Will Union City be the next hot spot?
With almost every inch in Hoboken accounted for by new development, and prices rising in both Hoboken and Jersey City, developers and residents have been looking north in Hudson County for the next hot spot.
Union City, a densely populated community located on a bluff above the Lincoln Tunnel, has been attracting new development as the Hudson County boom spreads. Several hundred new units have been constructed or are planned for the community, which started seeing its first signs of new development in 2000.
The Park Hudson Group is working on a six-building complex, with 400 planned units, on the Union City-Weehawken line. The developer opened the project's first building, the Park City, a 30-unit structure, in 2005, when it was just half-complete. The project's Park City Grand, a 70-unit complex, opened earlier this year and is almost sold out. Hudson View, which sits next to the Park City Grand, will have 64 units and is scheduled to open in February.
Michael Cherit, marketing director for the Park Hudson Group, said the developer started looking at Union City after building four buildings in Hoboken earlier this decade. He said the developer began to look north as Hoboken prices began to rise.
Union City, which is two miles from Midtown Manhattan, offered close proximity along with cheaper prices for land, which translated into cheaper unit offerings.
"It's like a sixth borough," Cherit said, "You can get a real two-bedroom, two-bathroom here."
Union City prices are currently some 35 percent to 40 percent lower than Hoboken. Hoboken prices have been running between $450 a foot to $550 a foot for a one-bedroom, while Union City prices start at $300 a foot. The prices in downtown Jersey City, which have traditionally been lower than those of Hoboken, have been jumping as more high-rises are developed along the waterfront.
Cherit said the Park Hudson projects have proven popular with buyers, who have begun to look in Union City in recent years. He noted the developer has worked to make the projects similar in style to what can be found in Hoboken and Jersey City, which has been of interest to buyers looking to cross the Hudson from Manhattan.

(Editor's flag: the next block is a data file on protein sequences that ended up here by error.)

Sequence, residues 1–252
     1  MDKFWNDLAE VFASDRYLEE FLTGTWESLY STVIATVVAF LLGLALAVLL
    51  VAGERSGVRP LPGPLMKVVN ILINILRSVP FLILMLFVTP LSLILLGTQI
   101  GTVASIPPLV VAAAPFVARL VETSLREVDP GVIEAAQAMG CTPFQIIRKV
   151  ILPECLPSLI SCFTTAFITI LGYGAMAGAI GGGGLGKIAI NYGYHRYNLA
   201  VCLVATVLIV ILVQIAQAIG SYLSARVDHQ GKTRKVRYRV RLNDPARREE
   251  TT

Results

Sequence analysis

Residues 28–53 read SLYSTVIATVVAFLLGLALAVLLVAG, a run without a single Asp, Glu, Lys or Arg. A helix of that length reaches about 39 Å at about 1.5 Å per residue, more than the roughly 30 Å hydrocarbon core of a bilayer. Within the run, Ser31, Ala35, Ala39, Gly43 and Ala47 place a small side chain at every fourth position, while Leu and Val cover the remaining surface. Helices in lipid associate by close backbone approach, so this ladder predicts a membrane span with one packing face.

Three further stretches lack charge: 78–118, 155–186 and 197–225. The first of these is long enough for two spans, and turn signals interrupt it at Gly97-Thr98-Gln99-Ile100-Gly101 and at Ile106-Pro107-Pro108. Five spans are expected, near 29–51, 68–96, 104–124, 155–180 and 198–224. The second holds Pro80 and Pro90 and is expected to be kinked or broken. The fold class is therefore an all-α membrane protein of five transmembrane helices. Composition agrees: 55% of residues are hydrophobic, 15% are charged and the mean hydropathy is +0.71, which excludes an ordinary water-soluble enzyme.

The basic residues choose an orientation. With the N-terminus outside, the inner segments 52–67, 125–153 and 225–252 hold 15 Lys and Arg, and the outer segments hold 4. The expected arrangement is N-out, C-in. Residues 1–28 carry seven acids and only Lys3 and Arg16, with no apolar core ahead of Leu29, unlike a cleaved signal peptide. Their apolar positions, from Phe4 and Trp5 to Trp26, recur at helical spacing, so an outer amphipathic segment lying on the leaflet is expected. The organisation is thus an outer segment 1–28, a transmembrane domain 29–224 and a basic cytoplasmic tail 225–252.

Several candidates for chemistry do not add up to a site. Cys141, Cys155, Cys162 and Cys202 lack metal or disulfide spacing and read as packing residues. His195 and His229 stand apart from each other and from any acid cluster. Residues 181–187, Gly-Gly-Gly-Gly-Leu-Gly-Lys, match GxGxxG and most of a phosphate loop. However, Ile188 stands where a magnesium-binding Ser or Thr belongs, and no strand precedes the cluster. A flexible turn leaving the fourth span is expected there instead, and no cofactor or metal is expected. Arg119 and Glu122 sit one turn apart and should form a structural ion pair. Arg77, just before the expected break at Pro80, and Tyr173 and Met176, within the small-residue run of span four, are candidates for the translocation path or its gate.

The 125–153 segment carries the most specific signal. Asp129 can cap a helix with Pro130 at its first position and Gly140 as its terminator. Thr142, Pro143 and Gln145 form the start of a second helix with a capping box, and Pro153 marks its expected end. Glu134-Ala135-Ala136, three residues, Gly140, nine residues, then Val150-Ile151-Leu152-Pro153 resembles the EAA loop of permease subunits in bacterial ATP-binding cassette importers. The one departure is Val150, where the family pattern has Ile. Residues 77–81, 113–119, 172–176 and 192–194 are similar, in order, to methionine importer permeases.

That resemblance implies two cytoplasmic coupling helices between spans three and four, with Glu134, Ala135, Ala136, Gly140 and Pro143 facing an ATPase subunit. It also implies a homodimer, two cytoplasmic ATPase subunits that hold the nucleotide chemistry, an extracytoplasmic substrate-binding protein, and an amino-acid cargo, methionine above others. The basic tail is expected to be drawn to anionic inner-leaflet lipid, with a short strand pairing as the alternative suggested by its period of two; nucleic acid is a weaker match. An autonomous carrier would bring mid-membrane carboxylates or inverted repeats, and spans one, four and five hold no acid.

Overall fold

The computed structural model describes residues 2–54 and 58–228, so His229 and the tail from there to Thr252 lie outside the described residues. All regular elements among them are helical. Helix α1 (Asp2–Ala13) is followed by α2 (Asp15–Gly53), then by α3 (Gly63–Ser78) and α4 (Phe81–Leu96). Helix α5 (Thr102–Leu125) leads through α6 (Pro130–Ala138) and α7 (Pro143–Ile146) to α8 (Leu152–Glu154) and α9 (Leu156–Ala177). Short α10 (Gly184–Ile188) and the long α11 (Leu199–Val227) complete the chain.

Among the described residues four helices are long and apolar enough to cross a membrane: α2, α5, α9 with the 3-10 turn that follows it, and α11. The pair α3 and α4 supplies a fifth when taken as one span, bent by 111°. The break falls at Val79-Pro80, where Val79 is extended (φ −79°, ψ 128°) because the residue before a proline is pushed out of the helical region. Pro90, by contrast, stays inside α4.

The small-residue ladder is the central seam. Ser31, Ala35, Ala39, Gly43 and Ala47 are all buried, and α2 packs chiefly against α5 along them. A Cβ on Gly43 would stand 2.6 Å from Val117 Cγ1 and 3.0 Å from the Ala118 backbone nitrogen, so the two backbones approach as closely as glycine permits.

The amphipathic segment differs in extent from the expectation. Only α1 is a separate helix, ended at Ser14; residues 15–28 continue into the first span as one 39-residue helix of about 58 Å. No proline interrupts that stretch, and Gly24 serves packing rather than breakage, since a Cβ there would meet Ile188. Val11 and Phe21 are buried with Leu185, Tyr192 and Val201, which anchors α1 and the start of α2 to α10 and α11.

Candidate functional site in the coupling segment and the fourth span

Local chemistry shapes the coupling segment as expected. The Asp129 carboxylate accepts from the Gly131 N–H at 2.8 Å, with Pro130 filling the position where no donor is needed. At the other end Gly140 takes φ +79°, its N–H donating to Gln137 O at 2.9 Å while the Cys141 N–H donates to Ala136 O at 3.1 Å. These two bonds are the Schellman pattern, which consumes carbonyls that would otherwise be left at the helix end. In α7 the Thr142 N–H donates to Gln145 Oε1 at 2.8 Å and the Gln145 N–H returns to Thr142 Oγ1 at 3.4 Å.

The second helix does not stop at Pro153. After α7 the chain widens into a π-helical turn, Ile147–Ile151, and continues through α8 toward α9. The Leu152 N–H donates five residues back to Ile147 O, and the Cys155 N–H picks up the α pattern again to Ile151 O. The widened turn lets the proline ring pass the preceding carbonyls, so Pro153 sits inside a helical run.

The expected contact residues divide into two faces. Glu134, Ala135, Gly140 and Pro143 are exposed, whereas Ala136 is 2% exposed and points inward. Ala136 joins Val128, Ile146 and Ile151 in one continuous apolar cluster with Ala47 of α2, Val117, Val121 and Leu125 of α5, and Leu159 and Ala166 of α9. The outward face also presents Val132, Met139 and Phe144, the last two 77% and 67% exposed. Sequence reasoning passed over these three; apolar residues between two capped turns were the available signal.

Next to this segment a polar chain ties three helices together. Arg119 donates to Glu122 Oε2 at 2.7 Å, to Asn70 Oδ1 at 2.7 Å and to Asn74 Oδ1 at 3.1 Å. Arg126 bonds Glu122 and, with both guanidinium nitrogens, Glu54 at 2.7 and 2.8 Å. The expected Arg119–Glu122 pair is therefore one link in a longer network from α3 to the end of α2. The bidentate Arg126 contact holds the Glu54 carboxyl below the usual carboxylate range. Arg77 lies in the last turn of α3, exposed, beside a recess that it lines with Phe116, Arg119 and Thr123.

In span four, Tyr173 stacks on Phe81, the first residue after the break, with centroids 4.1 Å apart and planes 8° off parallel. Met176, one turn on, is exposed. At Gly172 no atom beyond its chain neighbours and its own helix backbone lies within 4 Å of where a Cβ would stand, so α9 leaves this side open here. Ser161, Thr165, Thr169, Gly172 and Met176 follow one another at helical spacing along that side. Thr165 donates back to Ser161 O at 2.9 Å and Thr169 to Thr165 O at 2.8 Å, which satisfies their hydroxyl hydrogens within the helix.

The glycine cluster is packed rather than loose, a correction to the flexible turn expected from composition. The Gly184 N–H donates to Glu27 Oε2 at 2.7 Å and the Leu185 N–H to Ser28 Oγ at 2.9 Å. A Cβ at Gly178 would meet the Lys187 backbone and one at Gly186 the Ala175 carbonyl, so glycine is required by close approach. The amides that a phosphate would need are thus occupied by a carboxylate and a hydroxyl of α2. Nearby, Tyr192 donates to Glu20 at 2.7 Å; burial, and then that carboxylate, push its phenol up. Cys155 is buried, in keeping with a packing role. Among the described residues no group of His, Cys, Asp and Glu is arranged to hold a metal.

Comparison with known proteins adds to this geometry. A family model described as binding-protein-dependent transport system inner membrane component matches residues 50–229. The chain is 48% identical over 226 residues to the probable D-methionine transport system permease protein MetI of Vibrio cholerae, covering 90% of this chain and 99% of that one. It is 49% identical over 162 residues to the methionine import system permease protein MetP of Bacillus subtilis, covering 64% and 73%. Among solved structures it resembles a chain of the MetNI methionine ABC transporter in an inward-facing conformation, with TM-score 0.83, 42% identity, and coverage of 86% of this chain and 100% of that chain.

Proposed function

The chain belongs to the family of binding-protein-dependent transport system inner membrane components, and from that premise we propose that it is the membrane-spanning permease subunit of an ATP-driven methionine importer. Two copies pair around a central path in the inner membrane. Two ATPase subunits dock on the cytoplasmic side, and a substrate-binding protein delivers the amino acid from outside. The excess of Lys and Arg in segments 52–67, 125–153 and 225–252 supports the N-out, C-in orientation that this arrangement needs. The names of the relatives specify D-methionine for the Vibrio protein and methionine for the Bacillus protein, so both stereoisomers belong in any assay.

"It's mainly been people who have been priced out of New York," Cherit said of the buyers. "It's someone who works in New York, or who lives in New Jersey and wants to be closer in."
One of the most densely populated communities in the country, Union City has been known for over four decades as the home to the New Jersey Cuban community. (It is the hometown of U.S. Sen. Robert Menendez, [D-New Jersey], a former mayor.) Prior to this decade, Union City had only one building targeting the yuppie population, a tower sitting above the Lincoln Tunnel with panoramic Manhattan views.
According to Union City Planner Dave Spatz, the city has created several redevelopment zones in order to spur development. In addition, the extension of the Hudson-Bergen Light Rail to Union City last year helped bring more people up to the cliff town. The light rail connects Hudson County from Bayonne to North Bergen, and provides quick access to the Hoboken PATH Station. In addition, ferry service from neighboring Weehawken and a seven-minute bus trip via the Lincoln Tunnel have been used as selling points.
"As Hoboken built out, and the waterfront in West New York and Weehawken has filled up, we have become the next thing," Spatz said.
Spatz pointed to the Swisstown redevelopment zone, which will bring a new 12-story, 151-unit building to Union City, to open next year. Unlike Jersey City, which has targeted the construction of waterfront high-rises, including buildings which will be among New Jersey's largest, Union City development plans run more along the lines of Hoboken and the rest of northern Hudson County, with smaller-scale buildings.
Spatz said much of the development has been centered on four- and five-story buildings, along with luxury rehabs of smaller buildings containing no more than four units. Buildings taller than 10 stories are rare in Union City.
As the city has redeveloped, the downtown business strip has changed, with more upscale cafes and stores coming in to cater to the new population.
Francesco Mazzaferro, a sales agent with Coldwell Banker in Hoboken, said he has seen more clients beginning to look at Union City because of the views and lower prices. "It's the same buyer as Hoboken," Mazzaferro said. "They feel they will get more value there. At the end of the day, in Hoboken prices are higher. By traveling five minutes, then you can buy a much bigger place."
Mazzaferro pointed to several smaller projects as catching on with the buyers he is working with. He noted that the Park West, being developed by Raffi Arfanian, is a 14-unit building that is almost sold out, and Central Plaza, a 12-unit building developed by Nelson Lopez, has sold all but one unit since opening earlier this year. This year, Arfanian will start sales on the Ardan House, another 12-unit condo building in Union City.
With the expansion of Union City continuing as vacant lots remain, along with former industrial sites the city government has targeted for redevelopment, experts remain excited about the potential scope of the boom. In addition, they note that Union City is beginning to take on more similarities to its more expensive neighbor.
"It looks a lot like Hoboken," Cherit said.
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|Title Annotation:||New Jersey; Park Hudson Group|
|Publication:||The Real Deal|
|Date:||Jan 2, 2008|
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